Union Building (University of Texas at Austin)

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Union Building
Texas Union.JPG
Alternative names Texas Union Building, Student Union Building
General information
Town or city Austin, Texas
Country United States

The Union Building (also known the Texas Union Building or Student Union Building)[1][2] is a building on the University of Texas at Austin campus, serving as a "college independent community center" or "living room" for students.[3][4] Designed by Paul Cret, who also designed the Tower and Main Building, Goldsmith Hall and Texas Memorial Museum on the same campus, the Union was built in 1933 with funds provided by Texas Exes in a campaign led by Thomas Watt Gregory.[4]

Once constructed, the Union was one of four buildings on campus intended for recreation and entertainment, the other three being Gregory Gymnasium for Men, the Women's Gymnasium and Hogg Memorial Auditorium.[5] The building hosts a bowling alley and formal ballroom.[6]


In March 1930, Paul Cret was contracted to become the consulting architect for the University of Texas, followed by a second contact in June 1931 to design ten new buildings.[7]


The Union Building was constructed from smooth limestone and ashlar fossiliferous limestone.[8] The building is staggered and asymmetrical, as opposed to "classically balanced" like Battle Hall, another building Cret designed for the campus.[9]

Cactus Café

The Cactus Café,[10][11] is a music venue and gathering place for students located in the Union Building, originally known as the Chuck Wagon when it opened in 1933.[12] In January 2010, the university announced plans to close the Cactus, claiming that closing the venue would save the university $66,000 in its $2 billion annual budget.[1][2] Concerned supporters formed the non-profit organization Friends of the Cactus Café with the purpose of raising funds to preserve the historic venue.[1] An arrangement was eventually made to keep the venue open under the auspices and management of PBS radio station KUT.[1]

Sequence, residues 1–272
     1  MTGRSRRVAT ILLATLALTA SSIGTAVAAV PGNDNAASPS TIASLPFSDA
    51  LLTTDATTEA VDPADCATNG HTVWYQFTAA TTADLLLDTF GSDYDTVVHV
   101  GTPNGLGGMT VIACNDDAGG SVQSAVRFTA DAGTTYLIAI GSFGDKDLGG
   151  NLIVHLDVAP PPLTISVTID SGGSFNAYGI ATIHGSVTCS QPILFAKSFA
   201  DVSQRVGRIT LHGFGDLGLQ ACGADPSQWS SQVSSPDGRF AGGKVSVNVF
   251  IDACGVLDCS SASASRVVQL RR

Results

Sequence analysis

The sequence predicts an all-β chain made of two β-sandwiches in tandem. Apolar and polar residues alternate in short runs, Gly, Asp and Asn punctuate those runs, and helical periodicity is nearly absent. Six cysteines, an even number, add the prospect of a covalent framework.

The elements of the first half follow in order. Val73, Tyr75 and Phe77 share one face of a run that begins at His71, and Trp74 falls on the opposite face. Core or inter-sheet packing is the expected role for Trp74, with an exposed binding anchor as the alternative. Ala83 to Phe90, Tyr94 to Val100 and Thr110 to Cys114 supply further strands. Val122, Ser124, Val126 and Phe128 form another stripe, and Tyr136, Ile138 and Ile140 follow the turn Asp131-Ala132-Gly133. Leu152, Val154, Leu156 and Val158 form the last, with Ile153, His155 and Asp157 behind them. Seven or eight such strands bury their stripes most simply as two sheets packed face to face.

See also


  1. ^ a b c d Bernier, Nathan (December 30, 2010). "Our Top 5 News Stories Of 2010". KUT. Retrieved March 25, 2011.
  2. ^ a b Brick, Michael (February 5, 2010). "A 'Live Music Capital' Is Hearing Less Music These Days". The New York Times. The New York Times Company. Retrieved March 25, 2011.
  3. ^ "Union Building – UNB". University of Texas. Retrieved March 25, 2011.
  4. ^ a b "Info (TXU)". University of Texas. Retrieved March 25, 2011.
  5. ^ "Recreation for 10,000 Students at Texas Union". The Victoria Advocate. Victoria, Texas. October 20, 1939. p. 2.
  6. ^ "Walking Tours: Strolling the University of Texas". Frommer's. Retrieved March 25, 2011.
  7. ^ Holland 2006, p. 133
  8. ^ Holland 2006, p. 135
  9. ^ Jenkins, Mary (November–December 1982). "The Evolution of a Face". The Alcalde. Emmis Communications. 71 (2): 19–20. Retrieved March 25, 2011.
  10. ^ Cactus Café & Bar - The Music Venue
  11. ^ UT web site for Cactus Café and Bar
  12. ^ Rossie, Cam; Hylton, Hilary (2009). Insiders' Guide to Austin. Globe Pequot. p. 127. Retrieved March 25, 2011.
Works cited
  • Holland, Richard A. (2006). The Texas Book: Profiles, History, and Reminiscences of the University. University of Texas Press. pp. 133–135. Retrieved March 25, 2011.

External links

  • Media related to Union Building (University of Texas at Austin) at Wikimedia Commons

Coordinates: 30°17′12″N 97°44′28″W / 30.2867°N 97.7411°W / 30.2867; -97.7411

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